Arteriovenous Fistula Definition
An arteriovenous fistula Definition (AV fistula) is an abnormal connection between a vein and an artery. Depending on the Arteriovenous Fistula Definition, the connection can be congenital (present at birth). Occasionally the connection can develop because of trauma such as a knife or bullet wound. Most often, the AV fistula is created surgically to allow access to the vascular system for hemodialysis. When created surgically, the connection of a vein and an artery is usually done in the forearm.
Why to make an Arteriovenous Fistula?
Depending on the Arteriovenous Fistula definition, the surgical creation of an AV fistula provides a long-lasting site through which blood can be removed and returned during hemodialysis, Hemodialysis is the process of mechanically cleansing the blood when the kidneys have failed. The fistula, which allows the person to be connected to a dialysis machine, must be prepared by a surgeon weeks or months before dialysis is started. When the vein and artery are joined, blood flow increases and the vein gradually becomes larger and stronger, creating a site that provides vascular access years longer than other types of access and with fewer complications. AV fistulas are for people who will need dialysis for long periods—either until a kidney becomes available for transplantation or for the rest of their life. Short-term access to the vascular system for dialysis can be had by the insertion of a venous catheter.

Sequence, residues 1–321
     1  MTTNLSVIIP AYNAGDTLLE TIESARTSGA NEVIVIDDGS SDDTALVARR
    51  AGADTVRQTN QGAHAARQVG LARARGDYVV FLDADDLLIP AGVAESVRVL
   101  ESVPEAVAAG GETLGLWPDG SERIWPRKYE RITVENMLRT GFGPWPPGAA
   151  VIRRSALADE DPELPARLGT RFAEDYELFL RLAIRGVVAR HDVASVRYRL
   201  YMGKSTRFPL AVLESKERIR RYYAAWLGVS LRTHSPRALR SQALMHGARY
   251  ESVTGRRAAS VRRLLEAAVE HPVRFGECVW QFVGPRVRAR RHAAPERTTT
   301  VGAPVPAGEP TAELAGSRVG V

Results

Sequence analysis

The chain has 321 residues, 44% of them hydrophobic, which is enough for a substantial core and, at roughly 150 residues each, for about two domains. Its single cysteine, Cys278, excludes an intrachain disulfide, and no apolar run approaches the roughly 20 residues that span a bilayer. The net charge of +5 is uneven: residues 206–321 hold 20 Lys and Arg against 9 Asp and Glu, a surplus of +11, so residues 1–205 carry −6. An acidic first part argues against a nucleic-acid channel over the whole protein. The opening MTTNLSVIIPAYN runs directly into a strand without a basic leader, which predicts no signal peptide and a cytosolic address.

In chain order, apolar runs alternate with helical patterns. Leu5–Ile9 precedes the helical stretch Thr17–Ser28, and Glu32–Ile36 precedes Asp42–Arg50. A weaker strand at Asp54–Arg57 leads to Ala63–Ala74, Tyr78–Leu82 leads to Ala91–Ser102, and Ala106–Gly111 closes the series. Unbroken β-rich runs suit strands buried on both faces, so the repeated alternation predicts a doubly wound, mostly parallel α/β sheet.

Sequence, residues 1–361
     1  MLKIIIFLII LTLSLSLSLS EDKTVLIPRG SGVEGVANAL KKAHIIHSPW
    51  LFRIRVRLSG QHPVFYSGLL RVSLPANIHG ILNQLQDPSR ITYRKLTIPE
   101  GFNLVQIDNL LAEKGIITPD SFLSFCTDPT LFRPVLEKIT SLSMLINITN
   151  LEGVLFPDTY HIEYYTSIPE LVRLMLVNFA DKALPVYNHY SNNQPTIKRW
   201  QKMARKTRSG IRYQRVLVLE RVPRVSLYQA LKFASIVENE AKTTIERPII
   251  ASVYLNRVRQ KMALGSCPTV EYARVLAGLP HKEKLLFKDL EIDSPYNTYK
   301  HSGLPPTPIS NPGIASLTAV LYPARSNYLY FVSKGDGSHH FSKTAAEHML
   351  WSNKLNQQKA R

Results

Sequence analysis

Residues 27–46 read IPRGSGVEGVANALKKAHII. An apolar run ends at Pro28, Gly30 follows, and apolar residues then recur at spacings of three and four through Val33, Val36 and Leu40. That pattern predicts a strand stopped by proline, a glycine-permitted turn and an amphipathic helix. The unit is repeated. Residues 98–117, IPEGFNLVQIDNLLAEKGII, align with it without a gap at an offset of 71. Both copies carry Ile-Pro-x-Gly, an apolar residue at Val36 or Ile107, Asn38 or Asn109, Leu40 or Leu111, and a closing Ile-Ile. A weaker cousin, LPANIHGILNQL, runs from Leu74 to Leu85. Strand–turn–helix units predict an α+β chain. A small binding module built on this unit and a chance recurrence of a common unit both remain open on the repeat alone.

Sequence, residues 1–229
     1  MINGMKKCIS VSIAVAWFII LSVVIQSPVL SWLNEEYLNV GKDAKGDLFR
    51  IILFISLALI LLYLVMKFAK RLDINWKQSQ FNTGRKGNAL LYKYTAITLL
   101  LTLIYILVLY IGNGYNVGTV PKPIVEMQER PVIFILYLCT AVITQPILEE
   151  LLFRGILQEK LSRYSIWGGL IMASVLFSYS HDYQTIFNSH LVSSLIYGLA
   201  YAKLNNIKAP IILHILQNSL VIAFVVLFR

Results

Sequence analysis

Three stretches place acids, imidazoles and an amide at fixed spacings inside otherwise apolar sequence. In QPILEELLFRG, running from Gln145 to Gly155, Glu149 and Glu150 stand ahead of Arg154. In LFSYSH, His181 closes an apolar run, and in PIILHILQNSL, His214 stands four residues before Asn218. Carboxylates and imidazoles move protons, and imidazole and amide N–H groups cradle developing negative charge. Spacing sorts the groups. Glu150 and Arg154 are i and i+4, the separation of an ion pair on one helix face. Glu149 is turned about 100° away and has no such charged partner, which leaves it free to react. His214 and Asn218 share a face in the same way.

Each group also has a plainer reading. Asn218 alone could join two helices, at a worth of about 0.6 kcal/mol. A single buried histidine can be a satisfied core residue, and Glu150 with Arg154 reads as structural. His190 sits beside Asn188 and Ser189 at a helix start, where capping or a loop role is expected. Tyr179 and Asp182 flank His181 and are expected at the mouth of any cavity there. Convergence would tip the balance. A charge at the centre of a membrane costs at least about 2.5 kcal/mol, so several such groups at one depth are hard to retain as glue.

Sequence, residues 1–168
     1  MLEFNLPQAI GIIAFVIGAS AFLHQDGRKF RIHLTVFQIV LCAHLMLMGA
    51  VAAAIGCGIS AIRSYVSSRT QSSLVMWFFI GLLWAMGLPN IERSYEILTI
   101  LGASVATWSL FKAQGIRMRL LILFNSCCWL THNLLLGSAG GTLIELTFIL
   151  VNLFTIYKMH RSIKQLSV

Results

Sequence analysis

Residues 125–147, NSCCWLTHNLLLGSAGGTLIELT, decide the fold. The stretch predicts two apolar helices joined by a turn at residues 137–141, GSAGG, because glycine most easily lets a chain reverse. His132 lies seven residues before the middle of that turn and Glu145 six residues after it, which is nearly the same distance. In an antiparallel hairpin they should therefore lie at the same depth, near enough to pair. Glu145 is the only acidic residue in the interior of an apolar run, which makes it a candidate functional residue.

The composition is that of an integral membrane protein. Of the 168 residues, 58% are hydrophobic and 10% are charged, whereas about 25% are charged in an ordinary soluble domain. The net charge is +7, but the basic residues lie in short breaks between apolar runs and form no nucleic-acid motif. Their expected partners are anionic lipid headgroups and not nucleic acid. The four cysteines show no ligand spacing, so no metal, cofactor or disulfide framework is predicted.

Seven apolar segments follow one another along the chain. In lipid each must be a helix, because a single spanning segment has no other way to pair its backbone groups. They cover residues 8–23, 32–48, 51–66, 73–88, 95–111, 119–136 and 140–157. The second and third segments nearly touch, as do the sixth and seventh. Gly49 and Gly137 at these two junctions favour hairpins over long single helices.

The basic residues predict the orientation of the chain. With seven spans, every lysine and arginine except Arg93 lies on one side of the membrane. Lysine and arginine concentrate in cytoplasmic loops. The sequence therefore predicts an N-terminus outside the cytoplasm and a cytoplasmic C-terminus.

Is it common to have an Arteriovenous Fistula?
According to the National Kidney Foundation, at the end of 2005, 336,000 Americans were receiving dialysis for kidney failure. Typically, another condition or disease caused the kidney shutdown. In the United States, kidney failure is disproportionately high among minority populations with the highest rate being found among African Americans, Hispanic Americans, and Native Americans. Among those receiving dialysis, over half will have an AV fistula as vascular access.